His horn glows with orange embers in a ’53 session which includes Walter Bishop on lithe gems like “Little Pres” and “Three Little Words.” A year later he’s with a team of all stars including Bob Brookmeyer/tb, Horace Silver/p, Percy Heath/b and Kenny Clarke/for a handful of bopping originals with rich harmonies of the horns on “ Stop Watch.” He skates like Sonja Henie in a 56 recording of “Too Marvelous For Words” that rivals anything Young ever did, while in 1954 he’s a sideman with B3er Dagwood Walton (now THAT’S a jazz name!) for some bluesy bop as “Pent-Up House” and an ebullient “Star Eyes.” This guy’s got the tone!!
The second disc mostly consists of a pair of mid 50 meetings with organ-meister Bobby Banks. The duets are after hours casual and intimate, with the fog rolling in from both shores on “My Heart Stood Still” and a sly “Where Or When.” With the addition of Rodney Alcott’s drums, you get some amazing pulses on”Blues to Remember Her By” as well as an ecstatically sighing collection of breaths on “Moonlight Serenade” while “Sentimental Journey” has Alcott creating ominous nimbus clouds before Urso breaks through the clouds like a last minute glow from the sun at sunset.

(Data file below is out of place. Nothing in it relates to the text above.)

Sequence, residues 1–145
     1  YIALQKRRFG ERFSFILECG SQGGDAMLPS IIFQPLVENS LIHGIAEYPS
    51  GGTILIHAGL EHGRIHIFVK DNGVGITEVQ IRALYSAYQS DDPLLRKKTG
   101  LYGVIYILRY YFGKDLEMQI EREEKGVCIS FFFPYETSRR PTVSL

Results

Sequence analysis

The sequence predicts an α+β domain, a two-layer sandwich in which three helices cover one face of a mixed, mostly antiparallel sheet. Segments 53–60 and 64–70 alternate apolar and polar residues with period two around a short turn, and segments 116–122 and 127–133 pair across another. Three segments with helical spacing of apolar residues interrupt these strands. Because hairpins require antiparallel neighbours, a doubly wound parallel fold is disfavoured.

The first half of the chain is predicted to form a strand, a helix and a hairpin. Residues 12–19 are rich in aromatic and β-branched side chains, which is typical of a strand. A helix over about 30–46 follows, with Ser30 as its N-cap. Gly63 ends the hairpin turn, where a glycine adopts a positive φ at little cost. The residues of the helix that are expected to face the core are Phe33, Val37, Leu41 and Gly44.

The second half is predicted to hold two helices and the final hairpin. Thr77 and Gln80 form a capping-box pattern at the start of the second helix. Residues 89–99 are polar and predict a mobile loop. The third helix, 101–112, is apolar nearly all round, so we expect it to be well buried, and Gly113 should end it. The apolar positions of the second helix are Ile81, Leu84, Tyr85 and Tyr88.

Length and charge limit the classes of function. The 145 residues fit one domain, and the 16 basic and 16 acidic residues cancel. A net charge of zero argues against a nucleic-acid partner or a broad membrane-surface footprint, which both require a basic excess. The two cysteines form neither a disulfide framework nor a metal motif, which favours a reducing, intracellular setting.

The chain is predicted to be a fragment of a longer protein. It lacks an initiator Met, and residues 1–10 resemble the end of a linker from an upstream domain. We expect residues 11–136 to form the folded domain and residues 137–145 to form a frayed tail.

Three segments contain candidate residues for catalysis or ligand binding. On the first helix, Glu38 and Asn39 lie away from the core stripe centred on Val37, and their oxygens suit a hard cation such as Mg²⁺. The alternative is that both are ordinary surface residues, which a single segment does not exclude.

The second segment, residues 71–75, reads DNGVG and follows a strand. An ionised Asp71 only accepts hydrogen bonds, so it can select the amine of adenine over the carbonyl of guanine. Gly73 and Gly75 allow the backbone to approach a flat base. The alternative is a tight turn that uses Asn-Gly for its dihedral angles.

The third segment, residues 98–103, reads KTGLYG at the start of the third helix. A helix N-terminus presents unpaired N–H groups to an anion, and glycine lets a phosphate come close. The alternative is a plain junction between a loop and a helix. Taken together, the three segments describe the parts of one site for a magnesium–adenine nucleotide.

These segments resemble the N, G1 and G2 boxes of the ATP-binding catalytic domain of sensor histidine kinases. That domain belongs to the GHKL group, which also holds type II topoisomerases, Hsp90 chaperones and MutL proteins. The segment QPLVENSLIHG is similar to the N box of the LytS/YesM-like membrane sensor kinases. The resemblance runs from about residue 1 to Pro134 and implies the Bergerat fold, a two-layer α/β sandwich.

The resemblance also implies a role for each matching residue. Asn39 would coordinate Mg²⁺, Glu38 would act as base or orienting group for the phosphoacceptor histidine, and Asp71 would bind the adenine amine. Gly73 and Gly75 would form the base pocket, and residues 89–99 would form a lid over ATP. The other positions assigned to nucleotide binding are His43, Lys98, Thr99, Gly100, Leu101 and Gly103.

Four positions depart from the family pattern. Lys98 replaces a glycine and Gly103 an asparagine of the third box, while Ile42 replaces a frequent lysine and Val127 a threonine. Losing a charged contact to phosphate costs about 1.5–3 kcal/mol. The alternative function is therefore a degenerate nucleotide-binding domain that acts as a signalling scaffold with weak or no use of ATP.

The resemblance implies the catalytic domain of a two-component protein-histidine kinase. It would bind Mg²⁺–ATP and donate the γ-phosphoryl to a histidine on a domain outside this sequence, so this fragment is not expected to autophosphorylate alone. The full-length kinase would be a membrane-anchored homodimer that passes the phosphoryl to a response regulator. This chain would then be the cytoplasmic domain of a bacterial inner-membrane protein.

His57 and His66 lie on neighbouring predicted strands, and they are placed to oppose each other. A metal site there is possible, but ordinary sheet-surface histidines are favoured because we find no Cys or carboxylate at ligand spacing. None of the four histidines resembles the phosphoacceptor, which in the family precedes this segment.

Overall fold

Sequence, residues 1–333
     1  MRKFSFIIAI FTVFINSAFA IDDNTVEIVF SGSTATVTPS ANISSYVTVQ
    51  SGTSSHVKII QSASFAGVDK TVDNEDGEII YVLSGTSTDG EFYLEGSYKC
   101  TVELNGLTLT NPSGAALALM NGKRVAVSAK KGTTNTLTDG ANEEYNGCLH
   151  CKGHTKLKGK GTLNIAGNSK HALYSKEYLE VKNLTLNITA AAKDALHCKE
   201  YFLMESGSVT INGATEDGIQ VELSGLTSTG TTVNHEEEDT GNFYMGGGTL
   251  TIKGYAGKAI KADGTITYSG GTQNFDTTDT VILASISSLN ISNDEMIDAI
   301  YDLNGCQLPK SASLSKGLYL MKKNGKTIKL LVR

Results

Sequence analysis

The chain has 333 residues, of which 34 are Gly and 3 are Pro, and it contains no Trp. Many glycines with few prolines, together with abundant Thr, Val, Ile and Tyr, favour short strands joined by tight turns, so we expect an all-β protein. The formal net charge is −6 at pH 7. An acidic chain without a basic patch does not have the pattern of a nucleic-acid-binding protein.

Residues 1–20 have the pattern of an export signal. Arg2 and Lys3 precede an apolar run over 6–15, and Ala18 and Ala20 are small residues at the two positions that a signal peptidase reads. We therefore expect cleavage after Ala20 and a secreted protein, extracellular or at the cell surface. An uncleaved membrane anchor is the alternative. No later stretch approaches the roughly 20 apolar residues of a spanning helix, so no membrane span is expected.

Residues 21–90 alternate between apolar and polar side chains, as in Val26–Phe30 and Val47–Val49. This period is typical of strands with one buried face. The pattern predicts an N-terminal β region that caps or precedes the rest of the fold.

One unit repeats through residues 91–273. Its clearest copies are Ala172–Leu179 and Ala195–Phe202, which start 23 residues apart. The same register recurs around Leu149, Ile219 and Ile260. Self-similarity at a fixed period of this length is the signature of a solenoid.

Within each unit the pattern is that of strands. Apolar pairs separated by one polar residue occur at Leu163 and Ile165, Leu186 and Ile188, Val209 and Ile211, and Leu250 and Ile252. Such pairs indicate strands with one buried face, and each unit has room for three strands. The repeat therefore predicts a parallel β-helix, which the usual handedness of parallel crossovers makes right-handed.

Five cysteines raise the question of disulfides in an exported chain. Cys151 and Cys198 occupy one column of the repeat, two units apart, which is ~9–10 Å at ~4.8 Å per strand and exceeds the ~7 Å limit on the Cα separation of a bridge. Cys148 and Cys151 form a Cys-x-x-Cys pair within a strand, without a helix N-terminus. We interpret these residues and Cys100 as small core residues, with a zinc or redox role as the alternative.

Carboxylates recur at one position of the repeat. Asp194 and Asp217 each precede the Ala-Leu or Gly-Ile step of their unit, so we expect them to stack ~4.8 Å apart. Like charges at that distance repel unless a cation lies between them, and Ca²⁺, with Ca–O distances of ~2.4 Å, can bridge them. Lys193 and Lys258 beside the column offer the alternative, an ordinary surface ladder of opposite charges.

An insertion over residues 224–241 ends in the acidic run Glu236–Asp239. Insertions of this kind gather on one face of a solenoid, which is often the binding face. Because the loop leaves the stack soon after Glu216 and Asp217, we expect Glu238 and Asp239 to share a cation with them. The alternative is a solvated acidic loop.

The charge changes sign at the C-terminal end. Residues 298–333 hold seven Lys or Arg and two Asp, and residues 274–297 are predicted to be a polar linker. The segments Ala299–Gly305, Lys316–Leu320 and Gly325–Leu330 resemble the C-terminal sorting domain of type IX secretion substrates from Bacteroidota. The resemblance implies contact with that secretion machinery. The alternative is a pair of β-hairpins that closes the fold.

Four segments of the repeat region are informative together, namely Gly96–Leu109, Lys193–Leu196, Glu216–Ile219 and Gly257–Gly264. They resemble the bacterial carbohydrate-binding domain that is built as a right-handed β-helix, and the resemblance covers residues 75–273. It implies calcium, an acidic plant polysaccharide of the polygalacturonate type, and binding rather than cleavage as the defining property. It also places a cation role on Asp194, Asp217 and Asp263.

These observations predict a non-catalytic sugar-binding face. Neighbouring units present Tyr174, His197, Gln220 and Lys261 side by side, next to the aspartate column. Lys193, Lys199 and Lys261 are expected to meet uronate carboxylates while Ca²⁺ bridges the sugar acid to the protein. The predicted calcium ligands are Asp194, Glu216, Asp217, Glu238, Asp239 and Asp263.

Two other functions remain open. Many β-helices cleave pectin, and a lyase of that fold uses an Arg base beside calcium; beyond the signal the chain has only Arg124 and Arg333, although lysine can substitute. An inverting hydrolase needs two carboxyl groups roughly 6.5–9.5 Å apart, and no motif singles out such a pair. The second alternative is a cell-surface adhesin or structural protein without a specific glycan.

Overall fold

A handful of tracks from Oscar Pettiford’s sextet in 1953 have the leader picking away on cello during “The Pendulum at Falcon’s Lair” and “Jack the Fieldstalker” while Urso and French Hornist Julius Watkins create some hip moods, and neophyte bassist Charles Mingus lays down the bass work. The notes included in the package put the tenorist in proper perspective. Trust me on this one-these are the kind of undiscovered gems that make labels like this earn their salt!"
George W. Harris (May 19, 2016) http://www.jazzweekly.com